The Other Shoe | Fit Pregnancy

The Other Shoe

5.28.07: A sibling unraveled

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The other shoe has dropped. Big time.

Julia's no longer quite so crazy about her new baby brother. She's finally reached the end of her patient-big-sister rope, and is now yanking on the end of it in a full-scale tug-of-war battle of the wills with me and Will.

Case in point:

Me: "Julia, it's time for [bed/a bath/getting dressed/brushing hair/insert daily activity of your choice]."


Julia: "NO, IT IS NOT! I WILL NOT DO IT!"

(Big breath. Count to ten. Make that 20.)

When I inform her that, yes, she will in fact do whatever it is that I'm asking her to do, I'm met with the full force of her incredibly strong will: a full-blown, red-faced, tear-streaked, body-flailing tantrum.

It's the same when Julia's with Will, or with one of her babysitters. When I came down from my office after work the other day, Julia greeted me with this little tidbit:

Julia: "Mama, I already had a time out." (As in: "Save yourself the trouble, lady, because I already had one, ya dig?)


Me: "Why, Juje?"


Julia: "I can't tell you."


Me: "Do I have to guess?"


Julia: "OK"


Me: "Did you say ‘No' to Wendy?"


Julia: "No"


Me: "Did you kick Wendy?"


Julia: "No."


Me: "Did you hit Charlie?"


Julia, coyly: "Mmmm Hmmm. With my underwear."

Ah hem.

Coping mechanisms

While I am quick to blame myself for Julia's behavior, ("Am I doing something wrong? Am I being too hard on her? Am I being a pushover? Am I not simply being here enough for her?) I know that this is all par for the course when a new baby comes along, and that Julia's dealing with no longer being the center of our attention. And, she has let us know her frustrations in more verbal ways. Like the time she told a friend of ours that "Charlie is Emma's brother," (referring to her 3-year-old buddy, Emma, who also has a new baby brother.) Or, the time she told me: "Mama, I like you. I like Dada. I like my dolls and my animals. I like the doctor's office. I DO NOT LIKE MY BROTHER!" (It's all a little Sam-I-Am).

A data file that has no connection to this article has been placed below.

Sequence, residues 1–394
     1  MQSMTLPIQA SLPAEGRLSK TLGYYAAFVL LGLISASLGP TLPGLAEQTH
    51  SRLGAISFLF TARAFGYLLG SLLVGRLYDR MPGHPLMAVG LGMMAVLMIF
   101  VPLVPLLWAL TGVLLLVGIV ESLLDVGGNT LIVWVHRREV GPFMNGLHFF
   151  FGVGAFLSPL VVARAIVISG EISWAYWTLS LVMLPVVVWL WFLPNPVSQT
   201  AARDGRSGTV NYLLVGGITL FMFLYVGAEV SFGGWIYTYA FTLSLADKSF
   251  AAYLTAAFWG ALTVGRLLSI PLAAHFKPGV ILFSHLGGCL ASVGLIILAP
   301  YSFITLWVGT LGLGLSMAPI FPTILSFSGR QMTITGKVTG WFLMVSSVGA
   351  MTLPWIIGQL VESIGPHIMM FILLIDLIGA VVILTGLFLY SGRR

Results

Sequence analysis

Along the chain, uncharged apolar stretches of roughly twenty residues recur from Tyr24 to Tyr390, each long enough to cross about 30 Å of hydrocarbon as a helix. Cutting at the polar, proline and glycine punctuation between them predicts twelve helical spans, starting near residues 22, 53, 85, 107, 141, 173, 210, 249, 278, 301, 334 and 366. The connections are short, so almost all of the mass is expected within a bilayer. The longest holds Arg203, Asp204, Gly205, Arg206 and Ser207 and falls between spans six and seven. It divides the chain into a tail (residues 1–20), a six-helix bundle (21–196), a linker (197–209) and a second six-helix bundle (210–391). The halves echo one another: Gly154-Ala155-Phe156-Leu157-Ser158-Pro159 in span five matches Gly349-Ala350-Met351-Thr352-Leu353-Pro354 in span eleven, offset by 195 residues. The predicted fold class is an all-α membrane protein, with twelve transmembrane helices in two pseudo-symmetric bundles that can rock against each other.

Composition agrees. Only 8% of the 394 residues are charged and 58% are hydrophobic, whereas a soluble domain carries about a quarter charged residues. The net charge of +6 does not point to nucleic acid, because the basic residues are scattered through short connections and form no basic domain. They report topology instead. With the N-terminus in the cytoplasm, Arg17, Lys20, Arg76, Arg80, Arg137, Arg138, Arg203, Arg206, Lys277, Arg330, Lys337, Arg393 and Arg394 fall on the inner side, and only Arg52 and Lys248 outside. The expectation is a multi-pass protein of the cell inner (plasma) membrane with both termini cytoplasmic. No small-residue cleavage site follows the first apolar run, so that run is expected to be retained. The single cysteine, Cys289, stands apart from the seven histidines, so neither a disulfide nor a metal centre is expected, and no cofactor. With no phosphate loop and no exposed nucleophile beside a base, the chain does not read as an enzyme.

When I ask her to tell me more about how she's feeling, she'll say: "Sometimes I like Charlie, and sometimes I don't. So, that's what's happening right now."

"Fair enough," I think. A girl's entitled to her feelings. And Julia is smart enough to know what she's feeling. I wish I could be as forth-coming with my own feelings. Think about it: how great would it feel, the next time someone really gets on your nerves, to just start screaming: "I DO NOT LIKE YOU! YOU DRIVE ME CRAZY!"

Ok, I probably won't. But, it does feel good.

For now, I'm trying to be the adult in the picture. When Julia gives us a hard time, I'm trying to keep in mind what a hard time she is having. I'm trying to spend as much quality time with her as I can, and I'm trying to constantly remind her how much we love her.

Still, when Charlie starts screaming, and Julia starts screaming, and the cacaphony in my throbbing brain makes me want to start screaming, it's all I can do to take a deep breath, take a step back, and remind myself that this, too, shall pass.

Join FitPregnancy.com's Managing Editor Dana Rousmaniere each week as she chronicles life with a new baby.

Read the next entry: 6.4.07: My Picture-Perfect Kids

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